Abstract: BACKGROUND: The most common acquired cause of Long QT syndrome (LQTS) is drug induced QT interval prolongation. It is an electrophysiological entity, which is characterized by an extended duration of the ventricular repolarization. Reflected as a prolonged QT interval in a surface ECG, this syndrome increases the risk for polymorphic ventricular tachycardia (Torsade de Pointes) and sudden death. METHOD: Bibliographic databases as MEDLINE and EMBASE, reports and drug alerts from several regulatory agencies (FDA, EMEA, ANMAT) and drug safety guides (ICH S7B, ICH E14) were consulted to prepare this article. The keywords used were: polymorphic ventricular tachycardia, adverse drug events, prolonged QT, arrhythmias, intensive care unit and Torsade de Pointes. Such research involved materials produced up to December 2017. RESULTS: Because of their mechanism of action, antiarrhythmic drugs such as amiodarone, sotalol, quinidine, procainamide, verapamil and diltiazem are associated to the prolongation of the QTc interval. For this reason, they require constant monitoring when administered. Other noncardiovascular drugs that are widely used in the Intensive Care Unit (ICU), such as ondansetron, macrolide and fluoroquinolone antibiotics, typical and atypical antipsychotics agents such as haloperidol, thioridazine, and sertindole are also frequently associated with the prolongation of the QTc interval. As a consequence, critical patients should be closely followed and evaluated. CONCLUSION: ICU patients are particularly prone to experience a QTc interval prolongation mainly for two reasons. In the first place, they are exposed to certain drugs that can prolong the repolarization phase, either by their mechanism of action or through the interaction with other drugs. In the second place, the risk factors for TdP are prevalent clinical conditions among critically ill patients. As a consequence, the attending physician is expected to perform preventive monitoring and ECG checks to control the QTc interval.
Abstract: The accurate estimation of "in vivo" inhibition constants () of inhibitors and fraction metabolized () of substrates is highly important for drug-drug interaction (DDI) prediction based on physiologically based pharmacokinetic (PBPK) models. We hypothesized that analysis of the pharmacokinetic alterations of substrate metabolites in addition to the parent drug would enable accurate estimation of in vivoandTwenty-four pharmacokinetic DDIs caused by P450 inhibition were analyzed with PBPK models using an emerging parameter estimation method, the cluster Newton method, which enables efficient estimation of a large number of parameters to describe the pharmacokinetics of parent and metabolized drugs. For each DDI, two analyses were conducted (with or without substrate metabolite data), and the parameter estimates were compared with each other. In 17 out of 24 cases, inclusion of substrate metabolite information in PBPK analysis improved the reliability of bothandImportantly, the estimatedfor the same inhibitor from different DDI studies was generally consistent, suggesting that the estimatedfrom one study can be reliably used for the prediction of untested DDI cases with different victim drugs. Furthermore, a large discrepancy was observed between the reported in vitroand the in vitro estimates for some inhibitors, and the current in vivoestimates might be used as reference values when optimizing in vitro-in vivo extrapolation strategies. These results demonstrated that better use of substrate metabolite information in PBPK analysis of clinical DDI data can improve reliability of top-down parameter estimation and prediction of untested DDIs.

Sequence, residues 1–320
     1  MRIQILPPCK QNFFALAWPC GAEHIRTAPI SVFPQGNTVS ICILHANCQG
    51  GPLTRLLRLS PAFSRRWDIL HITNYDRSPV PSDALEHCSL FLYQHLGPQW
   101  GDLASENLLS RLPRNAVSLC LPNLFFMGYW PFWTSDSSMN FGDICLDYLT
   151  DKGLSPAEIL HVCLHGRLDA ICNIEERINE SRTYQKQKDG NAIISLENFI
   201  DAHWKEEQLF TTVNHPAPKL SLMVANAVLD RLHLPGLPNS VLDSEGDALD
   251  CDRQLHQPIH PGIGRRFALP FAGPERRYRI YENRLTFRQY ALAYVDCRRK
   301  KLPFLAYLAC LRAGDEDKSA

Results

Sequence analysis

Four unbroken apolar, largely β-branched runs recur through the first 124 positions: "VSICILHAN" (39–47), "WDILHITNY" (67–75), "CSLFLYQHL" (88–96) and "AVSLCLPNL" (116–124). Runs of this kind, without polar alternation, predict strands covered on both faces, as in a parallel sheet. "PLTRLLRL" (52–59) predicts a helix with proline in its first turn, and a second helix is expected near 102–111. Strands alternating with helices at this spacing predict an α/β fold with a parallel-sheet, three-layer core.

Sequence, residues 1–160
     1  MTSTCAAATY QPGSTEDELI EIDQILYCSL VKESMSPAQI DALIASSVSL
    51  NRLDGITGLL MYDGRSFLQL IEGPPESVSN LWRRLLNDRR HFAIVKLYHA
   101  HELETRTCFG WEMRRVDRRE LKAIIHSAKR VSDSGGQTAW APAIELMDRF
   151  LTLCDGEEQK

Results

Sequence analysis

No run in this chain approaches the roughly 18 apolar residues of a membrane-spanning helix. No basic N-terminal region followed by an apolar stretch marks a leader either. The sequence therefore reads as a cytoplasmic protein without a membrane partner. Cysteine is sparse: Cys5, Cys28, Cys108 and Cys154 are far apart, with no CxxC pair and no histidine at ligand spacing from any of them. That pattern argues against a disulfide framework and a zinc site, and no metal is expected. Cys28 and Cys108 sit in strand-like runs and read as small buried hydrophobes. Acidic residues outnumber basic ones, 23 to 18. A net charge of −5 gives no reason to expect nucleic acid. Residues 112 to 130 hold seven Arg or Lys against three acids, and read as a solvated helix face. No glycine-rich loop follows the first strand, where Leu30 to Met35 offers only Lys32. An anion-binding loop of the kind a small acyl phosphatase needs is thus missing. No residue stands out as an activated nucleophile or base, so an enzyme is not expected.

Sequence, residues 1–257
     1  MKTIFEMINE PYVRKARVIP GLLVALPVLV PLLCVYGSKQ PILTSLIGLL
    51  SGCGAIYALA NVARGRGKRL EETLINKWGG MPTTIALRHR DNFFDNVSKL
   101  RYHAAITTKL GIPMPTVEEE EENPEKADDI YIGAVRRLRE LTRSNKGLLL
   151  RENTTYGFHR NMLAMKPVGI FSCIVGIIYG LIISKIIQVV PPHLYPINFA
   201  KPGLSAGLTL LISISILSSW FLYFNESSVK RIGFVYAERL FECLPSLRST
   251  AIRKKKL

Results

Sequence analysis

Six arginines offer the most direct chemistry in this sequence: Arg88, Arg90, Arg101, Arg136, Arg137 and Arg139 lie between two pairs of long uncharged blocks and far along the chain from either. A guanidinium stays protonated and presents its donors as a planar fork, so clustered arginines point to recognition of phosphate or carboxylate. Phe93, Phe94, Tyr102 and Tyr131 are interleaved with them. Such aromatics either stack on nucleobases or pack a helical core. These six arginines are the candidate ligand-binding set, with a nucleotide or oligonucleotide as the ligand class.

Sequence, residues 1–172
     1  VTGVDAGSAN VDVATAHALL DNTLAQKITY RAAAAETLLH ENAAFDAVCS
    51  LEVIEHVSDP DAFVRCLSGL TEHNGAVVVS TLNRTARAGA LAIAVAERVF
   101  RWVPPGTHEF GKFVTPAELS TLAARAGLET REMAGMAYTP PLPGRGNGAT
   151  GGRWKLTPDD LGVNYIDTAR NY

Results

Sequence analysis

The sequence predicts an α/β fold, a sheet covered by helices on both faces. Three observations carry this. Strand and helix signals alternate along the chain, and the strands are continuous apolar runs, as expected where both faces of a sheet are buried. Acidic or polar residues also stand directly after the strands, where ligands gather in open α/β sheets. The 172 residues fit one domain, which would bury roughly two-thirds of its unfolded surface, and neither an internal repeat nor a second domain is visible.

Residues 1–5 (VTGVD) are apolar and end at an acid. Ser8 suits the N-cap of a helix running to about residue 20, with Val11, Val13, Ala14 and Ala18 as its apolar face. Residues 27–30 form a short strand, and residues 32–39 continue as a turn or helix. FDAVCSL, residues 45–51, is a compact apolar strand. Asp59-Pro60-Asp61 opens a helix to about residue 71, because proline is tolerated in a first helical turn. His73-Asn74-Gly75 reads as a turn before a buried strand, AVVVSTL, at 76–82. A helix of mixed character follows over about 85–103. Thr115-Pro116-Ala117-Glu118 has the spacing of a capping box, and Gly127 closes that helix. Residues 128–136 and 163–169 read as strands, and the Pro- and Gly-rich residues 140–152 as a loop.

Abstract: Amiodarone is one of the most commonly used antiarrhythmic drugs. Despite its well-known side effects, amiodarone is considered to be a relatively safe drug, especially in short-term usage to prevent life-threatening ventricular arrhythmias. Our case demonstrates an instance where short-term usage can yield drug side effect.